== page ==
Urbanization In America

1880 Words8 Pages
Envision that you are apart of strict traditional family, the only expectation they have of you is to be apart of the working class of America. Imagine believing that is all you can become in this world, due to lack of money and moral support from family, friends, and teachers. These are the struggles young Chicanos of America face, this is sadly someone’s harsh reality. The silent truth is that the youth of the Latin community face constant oppression in their own culture whilst trying to assimilate and progress in America. Immigrant parents are not given the opportunity receive proper knowledge to educate their children who want to hone their talents whether it is extracurricular activities like skating or helping on simple…show more content…
The author David Diaz in the book Barrio Urbanism: Chicanos, Planning, and American Cities states that, “In the mid-1900s.. The logic of social repression requires a functional rationale to legitimate a civil society in which segregation(in reality ethnic cleansing) and brutality are normative social constructions. The Eurocentric version of el barrio influenced the totality of urban public policy.. (Diaz 4). Urbanization one of the struggles the Hispanic community in Los Angeles have been dealing with for awhile it has been more apparent over the years. Many of the communities that have been destroyed to build new shopping centers or luxury lofts are in areas like Echo Park and Downtown Los Angeles. This directly affects Chicano families with low incomes, and are not able to afford to move out of their homes immediately. Moving from place to place can have residual effects on their children and might discourage them to further their education due to low incomes. Parents might encourage their children to work at a young age to help ease the burden of high rent rates in Los…show more content…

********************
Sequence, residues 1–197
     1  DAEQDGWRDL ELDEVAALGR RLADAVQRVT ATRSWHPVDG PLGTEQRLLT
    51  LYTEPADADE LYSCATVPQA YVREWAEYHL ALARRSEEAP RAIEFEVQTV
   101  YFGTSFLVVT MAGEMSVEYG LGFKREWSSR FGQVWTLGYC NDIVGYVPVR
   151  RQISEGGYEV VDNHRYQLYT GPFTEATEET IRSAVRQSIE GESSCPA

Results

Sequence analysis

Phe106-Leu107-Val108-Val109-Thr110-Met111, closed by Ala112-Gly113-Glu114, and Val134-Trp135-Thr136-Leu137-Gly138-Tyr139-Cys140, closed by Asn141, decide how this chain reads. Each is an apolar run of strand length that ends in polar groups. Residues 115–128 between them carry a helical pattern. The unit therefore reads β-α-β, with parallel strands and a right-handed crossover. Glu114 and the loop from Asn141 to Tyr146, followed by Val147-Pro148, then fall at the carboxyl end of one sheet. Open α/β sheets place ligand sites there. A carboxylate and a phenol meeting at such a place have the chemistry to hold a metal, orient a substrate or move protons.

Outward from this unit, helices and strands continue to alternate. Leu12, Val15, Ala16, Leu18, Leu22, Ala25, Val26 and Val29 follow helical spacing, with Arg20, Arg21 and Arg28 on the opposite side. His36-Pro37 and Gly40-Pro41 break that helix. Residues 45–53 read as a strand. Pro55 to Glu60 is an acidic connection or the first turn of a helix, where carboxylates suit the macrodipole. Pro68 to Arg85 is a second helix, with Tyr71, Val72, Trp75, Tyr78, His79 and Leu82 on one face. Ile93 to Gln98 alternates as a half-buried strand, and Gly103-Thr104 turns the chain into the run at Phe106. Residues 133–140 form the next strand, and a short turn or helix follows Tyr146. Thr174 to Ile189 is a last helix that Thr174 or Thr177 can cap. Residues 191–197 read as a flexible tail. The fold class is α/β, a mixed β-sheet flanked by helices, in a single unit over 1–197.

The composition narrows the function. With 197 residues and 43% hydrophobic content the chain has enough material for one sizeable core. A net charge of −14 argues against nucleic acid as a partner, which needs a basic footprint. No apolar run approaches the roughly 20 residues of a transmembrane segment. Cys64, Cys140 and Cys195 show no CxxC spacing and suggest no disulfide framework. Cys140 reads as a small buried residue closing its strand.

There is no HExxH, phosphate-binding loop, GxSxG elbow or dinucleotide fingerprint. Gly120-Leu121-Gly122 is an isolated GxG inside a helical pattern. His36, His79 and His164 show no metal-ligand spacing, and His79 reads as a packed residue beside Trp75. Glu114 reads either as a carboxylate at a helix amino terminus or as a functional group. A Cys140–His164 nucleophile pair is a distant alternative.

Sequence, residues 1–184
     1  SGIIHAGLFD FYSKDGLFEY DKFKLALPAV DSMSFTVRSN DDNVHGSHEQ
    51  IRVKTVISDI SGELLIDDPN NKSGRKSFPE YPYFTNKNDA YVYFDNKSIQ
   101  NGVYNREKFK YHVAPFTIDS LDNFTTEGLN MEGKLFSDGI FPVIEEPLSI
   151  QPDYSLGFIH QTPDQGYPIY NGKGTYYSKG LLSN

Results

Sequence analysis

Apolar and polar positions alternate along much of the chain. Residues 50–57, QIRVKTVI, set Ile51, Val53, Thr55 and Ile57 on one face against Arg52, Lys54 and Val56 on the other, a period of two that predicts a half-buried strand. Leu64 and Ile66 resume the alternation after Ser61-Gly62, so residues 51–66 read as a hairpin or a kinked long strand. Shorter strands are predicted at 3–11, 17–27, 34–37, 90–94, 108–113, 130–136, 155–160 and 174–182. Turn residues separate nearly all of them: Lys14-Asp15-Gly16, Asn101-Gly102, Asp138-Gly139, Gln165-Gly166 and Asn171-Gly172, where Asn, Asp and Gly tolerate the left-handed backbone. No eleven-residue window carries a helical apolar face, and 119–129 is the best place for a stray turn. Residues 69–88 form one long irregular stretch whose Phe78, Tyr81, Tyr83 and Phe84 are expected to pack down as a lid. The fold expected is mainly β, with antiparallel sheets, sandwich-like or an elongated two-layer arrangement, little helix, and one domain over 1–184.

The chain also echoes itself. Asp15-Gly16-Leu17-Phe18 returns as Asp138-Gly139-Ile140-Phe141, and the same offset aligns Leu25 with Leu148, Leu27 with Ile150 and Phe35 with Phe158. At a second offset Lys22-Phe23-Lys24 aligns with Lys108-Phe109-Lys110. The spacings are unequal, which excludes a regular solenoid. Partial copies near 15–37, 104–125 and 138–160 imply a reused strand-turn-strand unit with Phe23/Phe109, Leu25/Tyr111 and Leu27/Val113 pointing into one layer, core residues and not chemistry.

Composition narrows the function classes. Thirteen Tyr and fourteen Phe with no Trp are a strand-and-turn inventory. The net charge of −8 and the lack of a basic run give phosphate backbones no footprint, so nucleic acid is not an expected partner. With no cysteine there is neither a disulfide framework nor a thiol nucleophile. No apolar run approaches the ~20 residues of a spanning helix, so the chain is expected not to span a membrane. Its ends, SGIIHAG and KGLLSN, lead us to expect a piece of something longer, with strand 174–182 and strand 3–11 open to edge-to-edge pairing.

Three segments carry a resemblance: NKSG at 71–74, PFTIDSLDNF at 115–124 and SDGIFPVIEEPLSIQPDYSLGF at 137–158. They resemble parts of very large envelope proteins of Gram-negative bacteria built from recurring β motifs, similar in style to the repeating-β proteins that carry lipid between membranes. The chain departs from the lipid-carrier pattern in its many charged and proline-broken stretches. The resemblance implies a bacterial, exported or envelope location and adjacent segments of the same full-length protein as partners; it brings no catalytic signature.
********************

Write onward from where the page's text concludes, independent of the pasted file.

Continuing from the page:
When they’re in society they must adapt American culture and the negative stereotypes. The authors Holleran and Waller argue that “Second generation Mexican American adolescents may hear origin and survival stories from their families that bear little resemblance to textbook, media, and popular accounts written from the perspective of dominant culture. They may feel pressures to identify as Mexican in their homes and communities, but to act “American” in school and work contexts.” (Holleran & Waller 4) Often times the Chicano youth might feel like they need to look or act American to be accepted by their peers. As Americans we shouldn’t encourage this mind set, and embrace each other’s diversity. Even though segregation is a part of the past, racism add stereotypes are still prevalent in the present. A common stereotype we hear is that most Hispanic girls are teen moms. This stereotype, has tainted the community’s identity over the years but in a recent study in 2016 it has challenge that assumption. In an article, Centers for Disease Control and Prevention, it states updated statistics that states, “While dramatic declines among Hispanic and black teens (51 percent and 44 percent, respectively) have helped reduce gaps, birth rates remain twice as high for these teens nationally compared with white teens.” This
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